First- we would like to celebrate the accomplishments of our generation. The accomplishments of our generation are so ubiquitous as to be anonymous. We were called "health nazis", but you can buy organic food in most supermarkets today. The environmental issues we raised then are before almost every legislative body in the world now. We made major strides in ending legal segregation though we still have much to do to end racism.We ended the era when women could be treated as second class citizens though much remains to be done in achieving gender equity. We greatly expanded the range of personal expression which was guaranteed to us by the constitution but seldom realized due to social fears and conformity. So now you can wear your hair any length, pierce your nose if you like,women can wear pants and throw their bra away if so inclined. We ended the terrible and senseless war in South East Asia and never again will we send 500,000 soldiers around the world to fight a war that the citizenry neither supported nor understood. The sixties were the best thing that happened in the late 20th century, not the worst as some would have it and it is important to create a forum in which we can standup and bear witness to that fact.

Second- we would like to inspire folks to re-examine their lives and focus once again on some of the humane, compassionate, and democratic ideals of that era. We are of the opinion that we are all older, hopefully wiser, more skilled, better connected, have more resources available and could accomplish wonders by rededicating ourselves to implementing compassion in our personal behavior and public policy.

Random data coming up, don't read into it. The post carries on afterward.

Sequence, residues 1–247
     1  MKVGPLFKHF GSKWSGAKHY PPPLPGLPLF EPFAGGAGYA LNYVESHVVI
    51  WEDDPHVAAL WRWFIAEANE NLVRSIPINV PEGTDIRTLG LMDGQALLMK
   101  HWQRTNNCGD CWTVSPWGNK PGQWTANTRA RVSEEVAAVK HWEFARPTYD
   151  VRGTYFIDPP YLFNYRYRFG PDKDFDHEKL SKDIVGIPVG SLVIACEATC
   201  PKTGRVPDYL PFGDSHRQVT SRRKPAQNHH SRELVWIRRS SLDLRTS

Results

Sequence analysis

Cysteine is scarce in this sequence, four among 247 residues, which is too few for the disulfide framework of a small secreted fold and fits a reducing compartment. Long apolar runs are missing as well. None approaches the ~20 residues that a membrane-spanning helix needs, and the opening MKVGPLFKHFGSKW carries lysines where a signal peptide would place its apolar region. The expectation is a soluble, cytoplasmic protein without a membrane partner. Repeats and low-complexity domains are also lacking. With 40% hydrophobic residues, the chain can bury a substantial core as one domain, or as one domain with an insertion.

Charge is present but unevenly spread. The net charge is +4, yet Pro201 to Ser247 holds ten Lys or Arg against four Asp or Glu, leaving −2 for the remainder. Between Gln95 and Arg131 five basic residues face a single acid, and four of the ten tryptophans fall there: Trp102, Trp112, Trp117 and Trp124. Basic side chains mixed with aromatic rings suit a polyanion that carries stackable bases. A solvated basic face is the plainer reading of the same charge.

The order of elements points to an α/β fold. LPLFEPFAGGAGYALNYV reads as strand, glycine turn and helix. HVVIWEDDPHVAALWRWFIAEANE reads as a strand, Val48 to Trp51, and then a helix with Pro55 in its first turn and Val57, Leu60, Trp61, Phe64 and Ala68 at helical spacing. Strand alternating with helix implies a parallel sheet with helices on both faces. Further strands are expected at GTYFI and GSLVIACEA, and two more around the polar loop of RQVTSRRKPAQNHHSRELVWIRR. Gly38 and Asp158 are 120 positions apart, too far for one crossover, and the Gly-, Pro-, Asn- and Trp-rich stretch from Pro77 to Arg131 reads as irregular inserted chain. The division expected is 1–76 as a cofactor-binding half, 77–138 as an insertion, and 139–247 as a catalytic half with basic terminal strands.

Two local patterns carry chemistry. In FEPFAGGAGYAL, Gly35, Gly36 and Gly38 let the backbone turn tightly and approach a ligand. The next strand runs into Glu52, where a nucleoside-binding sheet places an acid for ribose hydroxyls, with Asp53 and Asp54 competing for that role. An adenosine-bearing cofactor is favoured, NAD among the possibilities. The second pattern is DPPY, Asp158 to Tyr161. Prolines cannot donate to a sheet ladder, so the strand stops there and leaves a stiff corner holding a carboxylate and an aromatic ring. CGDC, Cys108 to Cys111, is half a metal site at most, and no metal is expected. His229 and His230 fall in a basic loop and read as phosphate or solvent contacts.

The late Abbie Hoffman said "The lesson of the sixties is that people who cared enough to do right could change history."

Third- we wish to use this event as a podium to educate people about the dire future that faces many of our children. Many are unaware that, in this the richest country on the planet, one third of our children live below the poverty line and this percentage goes up astronomically if you examine the African-American or Hispanic communities. We are now told that one in twenty of children born today in America will spend time in prison. In the time that we built one institution of higher learning in California we built twenty seven prisons. These are shameful facts that we as a society must address. To this end we have asked all the invited speakers at our celebration to speak to the question: " How do we create a more compassionate vision of the future for our children?"

In the spirit of the sixties and to allow the broadest and most inclusive participation, this event will be free and ungated.

We will ask for contributions at the gates but none will be excluded for lack of funds.We are raising funds for the production of this event from corporate and private sponsors, from advances on merchandising memorabilia, from advances on recording, film,and video rights.

Any funds raised in excess of the production costs of this event we have pledged to distribute to impoverished and at risk childrens' programs. We have asked the Glide Church Foundation and the Childrens Council to assist us in selecting appropriate beneficiaries. To be perfectly clear we are not promoting this event as a benefit per se, but as a consciousness-raising event. We are a non-profit organization under the umbrella of the Agape Foundation/Unity Foundation (a 501c3 corporation) who are acting as our fiscal agents.